Biological processes often depend on ligand binding to receptors yet accurate calculation of the associated binding free energy remains a significant challenge of central importance to structure-based drug design. Water molecules participate in biological processes, including ligand binding to proteins, and the mechanical stability and aggregation of proteins. We propose to use molecular simulations and theory to provide deeper insights into water's role in the above processes. We propose to develop methods for the accurate calculation of protein-ligand binding affinities based on our recent progress towards developing a displaced solvent functional methodology (DSM). We propose to develop our "WaterMap" method into a practical tool for medicinal chemistry, by extending it to heterogeneous protein receptor interfaces with mixtures of hydrophilic, hydrophobic and neutral residues and to apply it to libraries of receptors and ligands. This work is part of an ongoing fruitful collaboration with the Friesner group at Columbia. To expedite this research we propose to combine our new colored noise multiple time step MD algorithm (CN-RESPA) with our replica exchange with solute tempering (REST) algorithm and the existing;-hopping free energy perturbation algorithm (;-hopping FEP) to provide an extremely powerful methodology for calculating binding efficiencies and sampling conformational states in the above research. Huntington's disease is caused by a genetic expansion of a region containing the CAG codon that leads to an increase in the length of the protein huntingtin's polyglutamine tract and a subsequent triggering of the formation of cytotoxic polyglutamine amyloid fibers and plaques. It is thought that a single rare misfolded polyglutamine polypeptide serves as a nucleus for the rapid formation of aggregated oligomers and finally the characteristic amyloid, but structural biologists have been unable to determine structures of these misfolded conformations. In preliminary simulations we found examples of highly collapsed long lived polyQ double-back structures that are mechanically resilient against large pulling forces (as is seen in AFM experiments). We propose to perform long enough molecular simulations using powerful computers like ANTON to pin down the structures of the mechanically resilient misfolded conformations of polyQ, to explore the balance between residue-water and residue-residue interactions to better understand why polyQ with its highly polar side-chain groups forms such compact structure, and, then, to get insights into conformational transitions of polyQ during aggregation.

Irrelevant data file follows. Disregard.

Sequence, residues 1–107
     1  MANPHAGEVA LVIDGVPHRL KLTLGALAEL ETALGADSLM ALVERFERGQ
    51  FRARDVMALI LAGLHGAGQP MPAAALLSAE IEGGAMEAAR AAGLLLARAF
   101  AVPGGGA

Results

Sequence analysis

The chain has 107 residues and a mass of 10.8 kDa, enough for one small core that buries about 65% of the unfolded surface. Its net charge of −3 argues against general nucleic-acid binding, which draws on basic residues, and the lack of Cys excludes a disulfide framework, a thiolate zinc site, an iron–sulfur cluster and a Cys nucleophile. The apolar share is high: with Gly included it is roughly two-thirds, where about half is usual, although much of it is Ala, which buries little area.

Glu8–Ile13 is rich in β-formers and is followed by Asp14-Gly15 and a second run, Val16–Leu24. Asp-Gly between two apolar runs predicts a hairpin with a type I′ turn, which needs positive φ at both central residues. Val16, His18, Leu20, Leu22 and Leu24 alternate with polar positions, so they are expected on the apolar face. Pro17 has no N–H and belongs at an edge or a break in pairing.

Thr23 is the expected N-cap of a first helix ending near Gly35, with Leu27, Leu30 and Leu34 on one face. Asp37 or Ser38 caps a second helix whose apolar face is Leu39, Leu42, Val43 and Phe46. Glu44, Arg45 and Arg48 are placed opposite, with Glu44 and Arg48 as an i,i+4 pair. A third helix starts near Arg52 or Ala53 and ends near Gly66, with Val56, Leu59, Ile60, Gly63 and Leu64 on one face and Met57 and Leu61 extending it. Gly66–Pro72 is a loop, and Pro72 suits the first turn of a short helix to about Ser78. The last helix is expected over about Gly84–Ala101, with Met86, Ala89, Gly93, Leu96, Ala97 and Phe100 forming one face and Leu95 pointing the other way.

Public Health Relevance

This proposal will focus on: developing novel methods for including water in the computation of protein-ligand binding affinities and protein active site modeling;
aim to understand the molecular biophysics of the precursors to aggregation and the structural, dynamical, and mechanical properties of polyglutamine repeats in Huntington's disease;and develop new sampling methods required for simulations of the relevant systems.

National Institute of Health (NIH)
National Institute of General Medical Sciences (NIGMS)
Research Project (R01)
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Macromolecular Structure and Function D Study Section (MSFD)
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Preusch, Peter C
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Columbia University (N.Y.)
Other Domestic Higher Education
New York
United States
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Mondal, Jagannath; Morrone, Joseph A; Berne, B J (2013) How hydrophobic drying forces impact the kinetics of molecular recognition. Proc Natl Acad Sci U S A 110:13277-82
Wang, Lingle; Berne, B J; Friesner, Richard A (2012) On achieving high accuracy and reliability in the calculation of relative protein-ligand binding affinities. Proc Natl Acad Sci U S A 109:1937-42
Wang, Lingle; Berne, B J; Friesner, R A (2011) Ligand binding to protein-binding pockets with wet and dry regions. Proc Natl Acad Sci U S A 108:1326-30
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